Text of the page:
New York • The trauma inflicted by Superstorm Sandy’s fierce floodwaters was etched on the faces of many homeowners Tuesday, a year after the storm made landfall, as they recalled the challenges they have faced during the past year.
Rebuilding efforts continued throughout New York and New Jersey even as people stopped to reflect on what was lost.
Sandy made landfall at 7:30 p.m. on Oct. 29, 2012, sending floodwaters pouring across the densely populated barrier islands of Long Island and the Jersey shore. In New York City, the storm surge hit nearly 14 feet, swamping the city’s subway and commuter rail tunnels and knocking out power to the southern third of Manhattan.
The storm was blamed for at least 181 deaths in the U.S. — including 68 in New York and 71 in New Jersey — and property damages estimated at $65 billion.
A tiny tear trickled down Edward Chaloupka’s cheek as he looked out on Long Island’s Great South Bay and reflected on the year since Sandy struck.
"I woke up with a nightmare last night," said the marine mechanic of Babylon, N.Y., who lost his job and his home after the storm.
In the dream, Chaloupka saw boats drifting down the street. He said it has been difficult finding work as a marine mechanic because people are still fixing their homes.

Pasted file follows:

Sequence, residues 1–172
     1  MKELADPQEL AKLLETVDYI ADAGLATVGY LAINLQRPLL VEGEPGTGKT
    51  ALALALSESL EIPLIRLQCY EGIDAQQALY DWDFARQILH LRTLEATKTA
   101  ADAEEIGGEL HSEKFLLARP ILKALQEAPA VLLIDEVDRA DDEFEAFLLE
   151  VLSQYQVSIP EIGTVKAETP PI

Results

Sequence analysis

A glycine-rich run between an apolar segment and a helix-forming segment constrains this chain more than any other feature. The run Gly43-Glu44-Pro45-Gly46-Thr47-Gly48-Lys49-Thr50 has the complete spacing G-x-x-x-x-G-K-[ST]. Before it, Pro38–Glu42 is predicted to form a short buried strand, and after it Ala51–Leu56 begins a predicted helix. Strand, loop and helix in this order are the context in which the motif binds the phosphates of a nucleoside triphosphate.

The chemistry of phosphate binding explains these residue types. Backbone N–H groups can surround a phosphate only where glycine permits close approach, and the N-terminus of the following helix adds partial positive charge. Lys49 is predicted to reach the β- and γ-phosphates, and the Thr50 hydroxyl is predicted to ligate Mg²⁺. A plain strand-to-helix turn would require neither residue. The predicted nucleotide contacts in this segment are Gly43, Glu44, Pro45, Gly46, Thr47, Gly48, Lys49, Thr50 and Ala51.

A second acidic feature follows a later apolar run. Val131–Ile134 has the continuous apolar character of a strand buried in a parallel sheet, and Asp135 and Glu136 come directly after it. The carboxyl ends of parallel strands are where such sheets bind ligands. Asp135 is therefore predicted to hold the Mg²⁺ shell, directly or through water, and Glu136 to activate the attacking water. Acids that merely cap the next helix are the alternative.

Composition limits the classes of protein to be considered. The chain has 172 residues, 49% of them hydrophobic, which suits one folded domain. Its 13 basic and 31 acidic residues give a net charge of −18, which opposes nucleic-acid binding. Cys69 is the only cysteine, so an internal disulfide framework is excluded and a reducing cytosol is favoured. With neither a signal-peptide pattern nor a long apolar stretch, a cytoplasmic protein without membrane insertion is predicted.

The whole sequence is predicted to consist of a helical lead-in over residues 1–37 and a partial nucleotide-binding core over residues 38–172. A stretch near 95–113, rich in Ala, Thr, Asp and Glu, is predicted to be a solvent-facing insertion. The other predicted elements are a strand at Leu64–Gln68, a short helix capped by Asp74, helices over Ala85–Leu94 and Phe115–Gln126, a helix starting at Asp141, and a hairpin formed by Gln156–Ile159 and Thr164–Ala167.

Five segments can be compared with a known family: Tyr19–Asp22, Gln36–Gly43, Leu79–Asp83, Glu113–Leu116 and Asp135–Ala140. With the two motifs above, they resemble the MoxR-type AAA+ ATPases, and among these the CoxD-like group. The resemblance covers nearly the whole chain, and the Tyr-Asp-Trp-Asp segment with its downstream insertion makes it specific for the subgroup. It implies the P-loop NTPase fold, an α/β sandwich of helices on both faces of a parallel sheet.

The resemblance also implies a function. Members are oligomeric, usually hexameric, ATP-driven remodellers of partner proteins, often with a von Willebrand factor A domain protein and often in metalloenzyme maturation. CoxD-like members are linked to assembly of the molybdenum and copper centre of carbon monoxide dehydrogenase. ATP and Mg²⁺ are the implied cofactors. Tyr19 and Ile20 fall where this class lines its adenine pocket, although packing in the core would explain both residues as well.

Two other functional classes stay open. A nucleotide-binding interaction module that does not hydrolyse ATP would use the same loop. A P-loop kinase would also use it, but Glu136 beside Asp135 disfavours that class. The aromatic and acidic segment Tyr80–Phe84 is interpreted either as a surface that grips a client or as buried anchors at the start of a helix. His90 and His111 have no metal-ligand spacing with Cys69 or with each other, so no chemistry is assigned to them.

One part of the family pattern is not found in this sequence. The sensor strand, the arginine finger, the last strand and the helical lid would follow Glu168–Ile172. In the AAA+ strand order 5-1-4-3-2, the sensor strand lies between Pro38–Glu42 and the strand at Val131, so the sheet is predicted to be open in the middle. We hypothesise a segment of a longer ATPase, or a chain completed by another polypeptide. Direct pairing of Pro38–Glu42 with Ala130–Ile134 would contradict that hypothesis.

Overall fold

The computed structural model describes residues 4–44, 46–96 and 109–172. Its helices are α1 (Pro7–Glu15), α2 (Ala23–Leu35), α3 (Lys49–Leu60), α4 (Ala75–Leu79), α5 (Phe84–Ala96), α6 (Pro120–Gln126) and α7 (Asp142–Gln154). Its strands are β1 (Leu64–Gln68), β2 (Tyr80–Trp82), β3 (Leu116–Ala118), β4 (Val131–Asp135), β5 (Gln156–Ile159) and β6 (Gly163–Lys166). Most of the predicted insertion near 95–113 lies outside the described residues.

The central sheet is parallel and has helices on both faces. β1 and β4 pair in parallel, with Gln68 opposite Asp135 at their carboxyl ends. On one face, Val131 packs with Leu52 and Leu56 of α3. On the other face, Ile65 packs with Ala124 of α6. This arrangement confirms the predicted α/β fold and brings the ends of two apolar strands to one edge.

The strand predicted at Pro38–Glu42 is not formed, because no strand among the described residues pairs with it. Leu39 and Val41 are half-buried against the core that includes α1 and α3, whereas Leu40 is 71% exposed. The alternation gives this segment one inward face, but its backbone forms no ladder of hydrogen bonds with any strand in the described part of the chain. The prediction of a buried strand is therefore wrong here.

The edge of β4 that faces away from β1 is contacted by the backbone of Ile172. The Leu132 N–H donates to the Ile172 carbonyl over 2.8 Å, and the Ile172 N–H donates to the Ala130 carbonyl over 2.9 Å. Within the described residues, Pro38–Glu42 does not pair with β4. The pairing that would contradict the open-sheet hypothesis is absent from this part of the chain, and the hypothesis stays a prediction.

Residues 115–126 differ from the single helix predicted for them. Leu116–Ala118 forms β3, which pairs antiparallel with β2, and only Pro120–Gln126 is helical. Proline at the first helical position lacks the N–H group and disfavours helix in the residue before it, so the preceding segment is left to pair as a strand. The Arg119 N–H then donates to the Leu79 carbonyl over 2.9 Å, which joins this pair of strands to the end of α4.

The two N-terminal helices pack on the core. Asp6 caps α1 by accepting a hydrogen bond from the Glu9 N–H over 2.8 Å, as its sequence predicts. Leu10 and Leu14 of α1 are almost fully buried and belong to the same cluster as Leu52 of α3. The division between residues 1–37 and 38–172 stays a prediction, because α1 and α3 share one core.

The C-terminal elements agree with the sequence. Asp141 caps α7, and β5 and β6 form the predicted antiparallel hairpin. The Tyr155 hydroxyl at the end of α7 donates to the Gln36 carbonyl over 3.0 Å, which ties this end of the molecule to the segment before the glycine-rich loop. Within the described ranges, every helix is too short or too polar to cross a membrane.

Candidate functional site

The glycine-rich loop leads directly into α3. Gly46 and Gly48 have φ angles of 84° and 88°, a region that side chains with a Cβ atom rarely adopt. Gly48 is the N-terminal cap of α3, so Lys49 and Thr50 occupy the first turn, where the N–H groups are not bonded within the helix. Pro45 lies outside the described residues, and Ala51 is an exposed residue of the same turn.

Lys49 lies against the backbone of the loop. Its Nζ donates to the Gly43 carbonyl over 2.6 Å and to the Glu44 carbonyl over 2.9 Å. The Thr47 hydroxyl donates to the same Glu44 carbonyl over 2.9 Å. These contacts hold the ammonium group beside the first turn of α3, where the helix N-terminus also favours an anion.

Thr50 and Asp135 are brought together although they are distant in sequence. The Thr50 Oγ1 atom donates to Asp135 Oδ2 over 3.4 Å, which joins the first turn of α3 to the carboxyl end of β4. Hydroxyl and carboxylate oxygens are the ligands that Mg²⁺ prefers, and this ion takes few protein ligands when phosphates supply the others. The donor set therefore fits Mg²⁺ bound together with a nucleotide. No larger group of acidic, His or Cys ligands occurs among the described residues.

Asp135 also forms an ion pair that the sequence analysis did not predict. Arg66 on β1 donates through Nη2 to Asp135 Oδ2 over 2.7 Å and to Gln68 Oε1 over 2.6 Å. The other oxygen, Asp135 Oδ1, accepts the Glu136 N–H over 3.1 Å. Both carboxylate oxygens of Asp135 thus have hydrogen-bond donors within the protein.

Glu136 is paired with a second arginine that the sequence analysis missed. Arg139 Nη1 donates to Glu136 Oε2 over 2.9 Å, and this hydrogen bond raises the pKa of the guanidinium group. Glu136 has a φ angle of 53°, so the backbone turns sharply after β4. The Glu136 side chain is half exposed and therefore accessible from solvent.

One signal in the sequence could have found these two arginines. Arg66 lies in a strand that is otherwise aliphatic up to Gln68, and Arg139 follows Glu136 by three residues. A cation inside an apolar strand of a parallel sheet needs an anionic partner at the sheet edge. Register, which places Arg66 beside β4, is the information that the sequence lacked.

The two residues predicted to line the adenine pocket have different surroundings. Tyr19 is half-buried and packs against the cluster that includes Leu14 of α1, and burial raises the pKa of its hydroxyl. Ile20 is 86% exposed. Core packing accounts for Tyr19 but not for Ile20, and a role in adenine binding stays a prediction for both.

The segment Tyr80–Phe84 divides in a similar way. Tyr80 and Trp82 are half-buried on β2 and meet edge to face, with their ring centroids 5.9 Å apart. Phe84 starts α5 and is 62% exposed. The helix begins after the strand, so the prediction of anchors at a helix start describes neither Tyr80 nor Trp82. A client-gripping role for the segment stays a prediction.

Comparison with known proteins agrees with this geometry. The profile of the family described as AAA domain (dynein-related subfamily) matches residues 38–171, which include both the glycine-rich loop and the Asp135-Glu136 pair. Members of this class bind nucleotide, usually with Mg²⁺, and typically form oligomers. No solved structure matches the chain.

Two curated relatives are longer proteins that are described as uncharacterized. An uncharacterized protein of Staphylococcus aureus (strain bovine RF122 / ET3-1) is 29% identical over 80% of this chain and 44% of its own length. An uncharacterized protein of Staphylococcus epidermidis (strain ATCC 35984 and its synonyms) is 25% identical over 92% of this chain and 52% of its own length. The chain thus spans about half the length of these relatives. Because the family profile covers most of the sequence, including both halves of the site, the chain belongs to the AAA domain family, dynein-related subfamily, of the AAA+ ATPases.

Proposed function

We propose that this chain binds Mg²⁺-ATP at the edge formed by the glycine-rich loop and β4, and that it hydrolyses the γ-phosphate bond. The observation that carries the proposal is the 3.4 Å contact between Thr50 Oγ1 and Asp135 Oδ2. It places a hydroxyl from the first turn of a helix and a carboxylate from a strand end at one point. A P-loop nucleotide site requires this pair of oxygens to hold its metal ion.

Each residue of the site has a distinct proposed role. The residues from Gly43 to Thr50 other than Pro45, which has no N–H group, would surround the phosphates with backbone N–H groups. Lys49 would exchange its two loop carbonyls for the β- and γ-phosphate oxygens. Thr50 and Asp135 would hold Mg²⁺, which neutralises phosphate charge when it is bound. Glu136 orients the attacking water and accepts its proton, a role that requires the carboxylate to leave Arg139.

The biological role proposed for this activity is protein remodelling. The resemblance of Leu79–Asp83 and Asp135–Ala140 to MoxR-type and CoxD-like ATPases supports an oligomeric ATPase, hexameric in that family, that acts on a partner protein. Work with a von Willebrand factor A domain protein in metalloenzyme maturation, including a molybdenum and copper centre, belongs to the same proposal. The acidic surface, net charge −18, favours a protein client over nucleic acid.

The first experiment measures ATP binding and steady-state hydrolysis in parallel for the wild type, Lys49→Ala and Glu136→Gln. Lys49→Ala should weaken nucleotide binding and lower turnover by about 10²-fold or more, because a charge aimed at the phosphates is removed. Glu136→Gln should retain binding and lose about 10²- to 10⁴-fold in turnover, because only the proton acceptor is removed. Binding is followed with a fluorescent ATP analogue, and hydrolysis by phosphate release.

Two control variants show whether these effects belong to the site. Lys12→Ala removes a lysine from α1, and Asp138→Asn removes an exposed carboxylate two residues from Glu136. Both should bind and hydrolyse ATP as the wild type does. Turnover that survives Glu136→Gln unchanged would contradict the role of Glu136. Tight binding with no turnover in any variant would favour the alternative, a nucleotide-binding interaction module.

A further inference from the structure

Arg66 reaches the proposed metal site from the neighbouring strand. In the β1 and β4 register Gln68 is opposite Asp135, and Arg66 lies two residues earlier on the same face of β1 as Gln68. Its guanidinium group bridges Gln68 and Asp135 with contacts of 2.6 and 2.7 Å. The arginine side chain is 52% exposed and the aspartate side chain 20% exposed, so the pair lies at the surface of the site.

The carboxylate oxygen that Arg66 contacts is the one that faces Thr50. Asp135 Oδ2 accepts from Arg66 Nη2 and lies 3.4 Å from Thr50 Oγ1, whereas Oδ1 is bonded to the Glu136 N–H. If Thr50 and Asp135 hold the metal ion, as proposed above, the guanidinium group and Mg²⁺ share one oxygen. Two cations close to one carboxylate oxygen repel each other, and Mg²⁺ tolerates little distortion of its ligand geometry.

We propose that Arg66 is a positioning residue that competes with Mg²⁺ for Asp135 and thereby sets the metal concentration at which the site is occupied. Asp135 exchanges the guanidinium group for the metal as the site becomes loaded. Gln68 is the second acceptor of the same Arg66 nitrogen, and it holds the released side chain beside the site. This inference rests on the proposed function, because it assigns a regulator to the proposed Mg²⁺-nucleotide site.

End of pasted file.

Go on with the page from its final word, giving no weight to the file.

"There’s not a whole heck of a lot," he said. "You’re fixing your house before a boat."
As for the future?
"I don’t know," Chaloupka said. "I don’t know what’s going to happen."
At the Staten Island Ferry building, crews of workers still labored to repair elevators and escalators knocked out by Sandy.
Across the street at Our Lady of the Rosary Church, visitors were offered special pamphlets requesting donations to complete repairs on the electrical and heating systems. Photos showing the church in disarray after the storm are misleading, said secretary Diane Ricci.
"It was 10,000 times worse," she said.
Still, Ricci, who’s lived in lower Manhattan her whole life, scoffed at the idea that New Yorkers should brace for a repeat of Sandy.
"You can’t build a wall around Manhattan," she said. "This was once in a blue moon. ... It was the placement of the moon and the tides. That’s it."
Angela Morabito feels like she and her husband, Philip, have been on "one roller coaster ride after another" for the past year.
But she could finally see some progress Tuesday, as two dozen volunteers from Staten Island’s Tunnel to Towers Foundation and the St. Bernard Project from New Orleans installed insulation and sheet rock in her gutted Midland Beach house on the southeastern shore of Staten Island.
Morabito is grateful for the free labor. She had flood and homeowners insurance but lost much of what she was paid to an unscrupulous contractor who abandoned the job.Next Page >
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